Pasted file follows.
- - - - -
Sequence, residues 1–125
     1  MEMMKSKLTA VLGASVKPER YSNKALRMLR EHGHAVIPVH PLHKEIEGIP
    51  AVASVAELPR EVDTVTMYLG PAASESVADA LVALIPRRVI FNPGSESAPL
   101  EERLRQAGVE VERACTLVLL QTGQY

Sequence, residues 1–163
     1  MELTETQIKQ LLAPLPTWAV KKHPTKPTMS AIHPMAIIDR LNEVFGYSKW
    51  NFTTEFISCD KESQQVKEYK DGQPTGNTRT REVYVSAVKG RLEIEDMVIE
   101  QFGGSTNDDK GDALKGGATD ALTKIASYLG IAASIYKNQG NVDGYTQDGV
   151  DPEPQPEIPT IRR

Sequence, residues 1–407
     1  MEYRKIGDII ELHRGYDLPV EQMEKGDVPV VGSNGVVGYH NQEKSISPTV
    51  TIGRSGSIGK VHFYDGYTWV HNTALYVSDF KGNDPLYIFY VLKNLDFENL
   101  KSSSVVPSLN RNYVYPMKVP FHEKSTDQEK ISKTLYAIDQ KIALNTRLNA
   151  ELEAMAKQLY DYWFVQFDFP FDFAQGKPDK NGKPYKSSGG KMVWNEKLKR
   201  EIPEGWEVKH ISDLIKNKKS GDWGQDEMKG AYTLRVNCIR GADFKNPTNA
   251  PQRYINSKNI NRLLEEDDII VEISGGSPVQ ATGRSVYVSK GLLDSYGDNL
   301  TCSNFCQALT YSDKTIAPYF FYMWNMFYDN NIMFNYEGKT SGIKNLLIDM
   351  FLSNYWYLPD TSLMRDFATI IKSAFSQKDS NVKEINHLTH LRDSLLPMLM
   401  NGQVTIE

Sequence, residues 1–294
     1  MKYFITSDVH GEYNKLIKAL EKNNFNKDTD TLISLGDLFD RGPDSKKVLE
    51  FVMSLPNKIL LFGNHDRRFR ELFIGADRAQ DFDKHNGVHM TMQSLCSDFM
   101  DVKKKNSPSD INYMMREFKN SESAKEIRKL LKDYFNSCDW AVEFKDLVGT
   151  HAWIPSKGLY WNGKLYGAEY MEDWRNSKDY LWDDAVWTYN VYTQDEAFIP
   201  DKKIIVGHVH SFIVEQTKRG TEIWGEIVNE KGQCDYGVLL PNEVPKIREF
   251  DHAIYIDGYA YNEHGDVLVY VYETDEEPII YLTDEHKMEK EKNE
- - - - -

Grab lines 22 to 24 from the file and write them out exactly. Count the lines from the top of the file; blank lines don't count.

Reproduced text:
    51  FVMSLPNKIL LFGNHDRRFR ELFIGADRAQ DFDKHNGVHM TMQSLCSDFM
   101  DVKKKNSPSD INYMMREFKN SESAKEIRKL LKDYFNSCDW AVEFKDLVGT
   151  HAWIPSKGLY WNGKLYGAEY MEDWRNSKDY LWDDAVWTYN VYTQDEAFIP